As the market holds its breath, waiting for the U.S. taxpayer -- since when did we have any money? Riding to the rescue, minuscule signs of economic recovery continue to surface. Today: Hedge funds get back on the plus side, Nate Silver applies his magical mind to the economy, and rock and roll appears to be one sector that is unperturbed by the roiling economy.
*The Black Keys, a two-man band from Akron, packed Terminal 5 to the rafters on Friday and Saturday, and beer sales were unimaginably brisk. [Brooklyn Vegan]
*First came the news last week that Citadel snapped its losses at a mere six months. Now we hear that the entire hedge-fund industry eked out a 0.4 percent gain in January. Kudos to Dan Loeb of Third Point Capital, which is believed to have had a pretty hellish 2008 along with, well, just about everybody, for clearing 2.1 percent. [Bloomberg]
*Alan Patricof, the legendary venture capitalist who runs Greycroft Partners (and was instrumental in sustaining New York magazine in its early days), says the venture-capital industry, along with every other industry, must reduce its expectations, but he's bullish on the state of innovation in the U.S.: "Entrepreneurs in this country," he says, "are stronger than ever." [DealBook/NYT]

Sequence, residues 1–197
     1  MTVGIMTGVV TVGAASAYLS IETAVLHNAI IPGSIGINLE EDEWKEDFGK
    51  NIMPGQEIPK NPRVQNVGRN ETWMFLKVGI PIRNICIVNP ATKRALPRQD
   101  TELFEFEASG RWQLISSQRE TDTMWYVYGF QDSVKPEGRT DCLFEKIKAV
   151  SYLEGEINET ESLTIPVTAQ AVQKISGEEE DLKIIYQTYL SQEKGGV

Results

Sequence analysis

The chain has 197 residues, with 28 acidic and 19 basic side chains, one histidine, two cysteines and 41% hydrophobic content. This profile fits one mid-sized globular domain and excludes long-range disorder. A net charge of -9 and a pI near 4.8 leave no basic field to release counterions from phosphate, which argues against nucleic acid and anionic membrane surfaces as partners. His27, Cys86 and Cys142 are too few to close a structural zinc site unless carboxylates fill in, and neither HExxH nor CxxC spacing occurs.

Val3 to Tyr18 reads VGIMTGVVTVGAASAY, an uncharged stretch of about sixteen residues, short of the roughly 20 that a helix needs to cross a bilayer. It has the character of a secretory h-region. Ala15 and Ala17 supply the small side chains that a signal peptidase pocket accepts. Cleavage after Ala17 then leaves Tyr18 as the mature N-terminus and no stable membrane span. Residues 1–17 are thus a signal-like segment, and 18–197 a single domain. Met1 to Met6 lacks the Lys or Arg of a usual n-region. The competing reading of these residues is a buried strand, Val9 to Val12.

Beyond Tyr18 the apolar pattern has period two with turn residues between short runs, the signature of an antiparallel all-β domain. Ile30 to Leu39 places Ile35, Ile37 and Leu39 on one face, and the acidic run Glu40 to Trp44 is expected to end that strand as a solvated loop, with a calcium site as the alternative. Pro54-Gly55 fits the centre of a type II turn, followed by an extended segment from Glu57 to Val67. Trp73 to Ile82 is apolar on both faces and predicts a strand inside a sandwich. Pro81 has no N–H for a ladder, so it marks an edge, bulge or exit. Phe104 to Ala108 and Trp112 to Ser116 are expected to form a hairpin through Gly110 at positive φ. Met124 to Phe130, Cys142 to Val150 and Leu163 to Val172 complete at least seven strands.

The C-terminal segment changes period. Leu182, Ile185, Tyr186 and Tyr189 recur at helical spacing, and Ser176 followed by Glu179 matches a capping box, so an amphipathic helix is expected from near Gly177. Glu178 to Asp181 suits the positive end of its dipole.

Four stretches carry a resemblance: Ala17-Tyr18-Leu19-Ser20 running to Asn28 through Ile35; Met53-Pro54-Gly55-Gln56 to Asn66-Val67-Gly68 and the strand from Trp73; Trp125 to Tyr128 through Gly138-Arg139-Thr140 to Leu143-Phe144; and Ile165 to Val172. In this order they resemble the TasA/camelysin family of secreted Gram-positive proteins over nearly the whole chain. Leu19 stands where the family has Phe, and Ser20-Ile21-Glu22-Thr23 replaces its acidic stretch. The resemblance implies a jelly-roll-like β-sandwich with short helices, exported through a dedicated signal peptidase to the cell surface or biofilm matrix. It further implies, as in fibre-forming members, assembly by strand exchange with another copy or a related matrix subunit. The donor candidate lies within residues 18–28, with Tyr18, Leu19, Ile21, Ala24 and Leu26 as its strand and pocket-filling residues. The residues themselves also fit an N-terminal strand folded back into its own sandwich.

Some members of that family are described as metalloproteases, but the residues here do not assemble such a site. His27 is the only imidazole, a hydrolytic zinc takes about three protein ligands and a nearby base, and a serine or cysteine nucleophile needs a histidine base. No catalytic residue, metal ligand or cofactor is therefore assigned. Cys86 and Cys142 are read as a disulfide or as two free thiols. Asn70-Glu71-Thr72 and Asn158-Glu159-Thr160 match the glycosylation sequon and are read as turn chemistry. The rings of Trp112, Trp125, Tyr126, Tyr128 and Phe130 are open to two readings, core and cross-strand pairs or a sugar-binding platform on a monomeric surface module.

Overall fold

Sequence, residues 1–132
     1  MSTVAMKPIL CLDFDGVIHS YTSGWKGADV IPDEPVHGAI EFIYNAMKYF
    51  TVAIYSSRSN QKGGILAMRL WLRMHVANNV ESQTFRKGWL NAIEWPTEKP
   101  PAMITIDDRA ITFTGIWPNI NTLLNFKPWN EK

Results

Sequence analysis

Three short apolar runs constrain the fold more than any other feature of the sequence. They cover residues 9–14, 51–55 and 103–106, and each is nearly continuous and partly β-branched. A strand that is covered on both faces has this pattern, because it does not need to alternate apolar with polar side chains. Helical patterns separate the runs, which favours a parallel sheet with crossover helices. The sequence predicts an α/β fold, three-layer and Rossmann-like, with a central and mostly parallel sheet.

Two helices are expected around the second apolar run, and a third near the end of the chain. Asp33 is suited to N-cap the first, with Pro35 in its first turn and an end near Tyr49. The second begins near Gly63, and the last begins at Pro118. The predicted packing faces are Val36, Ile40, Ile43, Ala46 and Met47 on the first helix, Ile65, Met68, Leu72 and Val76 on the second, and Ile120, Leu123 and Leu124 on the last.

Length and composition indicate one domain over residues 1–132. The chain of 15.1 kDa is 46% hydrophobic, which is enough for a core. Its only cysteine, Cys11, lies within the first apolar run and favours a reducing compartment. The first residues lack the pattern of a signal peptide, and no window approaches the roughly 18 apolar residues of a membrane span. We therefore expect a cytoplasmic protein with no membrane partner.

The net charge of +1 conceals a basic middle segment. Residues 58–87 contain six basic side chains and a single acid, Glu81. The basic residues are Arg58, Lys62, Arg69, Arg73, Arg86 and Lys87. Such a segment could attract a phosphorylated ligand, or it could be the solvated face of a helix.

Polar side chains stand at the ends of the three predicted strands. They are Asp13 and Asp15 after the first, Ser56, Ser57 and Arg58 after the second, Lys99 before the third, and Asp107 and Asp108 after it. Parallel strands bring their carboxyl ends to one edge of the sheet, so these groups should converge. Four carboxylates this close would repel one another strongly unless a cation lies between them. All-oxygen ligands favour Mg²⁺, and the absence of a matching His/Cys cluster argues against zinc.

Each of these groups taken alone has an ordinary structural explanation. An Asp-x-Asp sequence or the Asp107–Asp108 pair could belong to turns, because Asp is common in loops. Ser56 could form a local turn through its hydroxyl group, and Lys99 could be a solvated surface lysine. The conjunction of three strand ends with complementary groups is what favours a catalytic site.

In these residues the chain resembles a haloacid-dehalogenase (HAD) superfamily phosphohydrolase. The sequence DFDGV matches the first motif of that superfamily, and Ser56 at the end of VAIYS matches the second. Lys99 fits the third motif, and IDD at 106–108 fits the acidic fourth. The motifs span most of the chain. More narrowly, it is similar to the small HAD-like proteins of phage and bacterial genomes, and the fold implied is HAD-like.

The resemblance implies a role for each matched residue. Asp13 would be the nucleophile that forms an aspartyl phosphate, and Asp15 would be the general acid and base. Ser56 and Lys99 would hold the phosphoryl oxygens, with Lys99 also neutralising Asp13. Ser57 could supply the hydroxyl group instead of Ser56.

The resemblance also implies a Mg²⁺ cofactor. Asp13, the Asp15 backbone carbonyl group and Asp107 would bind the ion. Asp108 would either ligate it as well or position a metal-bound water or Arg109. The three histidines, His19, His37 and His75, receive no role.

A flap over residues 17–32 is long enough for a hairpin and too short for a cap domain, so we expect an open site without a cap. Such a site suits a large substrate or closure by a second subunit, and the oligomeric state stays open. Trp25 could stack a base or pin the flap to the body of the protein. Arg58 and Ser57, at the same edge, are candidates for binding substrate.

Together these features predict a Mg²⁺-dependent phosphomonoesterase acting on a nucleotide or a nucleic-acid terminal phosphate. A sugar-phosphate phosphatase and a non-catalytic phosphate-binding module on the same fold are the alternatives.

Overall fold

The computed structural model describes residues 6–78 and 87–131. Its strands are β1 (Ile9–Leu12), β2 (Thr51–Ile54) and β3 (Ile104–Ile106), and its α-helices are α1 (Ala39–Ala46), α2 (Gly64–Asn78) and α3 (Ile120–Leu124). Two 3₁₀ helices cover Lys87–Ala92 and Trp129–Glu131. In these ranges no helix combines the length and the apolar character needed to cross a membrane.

*Okay, so this isn't economic news, but if fewer Americans are dying in auto accidents, wouldn't you say that bodes well for our future as a society? [WSJ]
*You think the U.S. stock market had a tough 2008? It had nothing on the Baltic Dry Index, a measure of global shipping rates, which plunged 94 percent. That's right, 94 percent. That's what happens when people stop wanting to buy things, and the price of pretty much every imaginable commodity — grain, steel, oil, coal — evaporated. But here's the good news. The Baltic Dry index is picking itself off the mat. Slowly, tentatively; nothing to get too terribly excited about. But prices are gently rising again, suggesting the world might once again be a normal place, if not by tomorrow. [Dry Ships]
*Our beloved Nate Silver, whose political number-crunching we became addicted to during the political campaign, has turned his big brain to the economy, and offers us a modest cause for hope in a piece on the markets for Esquire. "In fact, perhaps our recent bias has led us to conclude that the situation today is worse than it actually is. Housing prices are significantly off their peaks, for instance, but have still increased by roughly 20 percent ... And we remain wealthier now than we were at almost any other point in the past ... If the good times are never as good as they seem, neither, perhaps, are the bad ones so bad." We'll take it. [Esquire]
*When a dude who publishes something called the Gloom, Boom and Doom Report suddenly busts out with a stock tip, we listen. Marc Faber, a vicious hater of the U.S. economy and all it represents, sees strength in tech giants Cisco, Intel, Microsoft, and Oracle. "In a crisis like we have now the weak competitors don't have the money to carry out R&D, whereas the strong competitors have that money," said Faber. "When the crisis comes to an end, the strong competitors emerge in a relatively stronger position." [Bloomberg]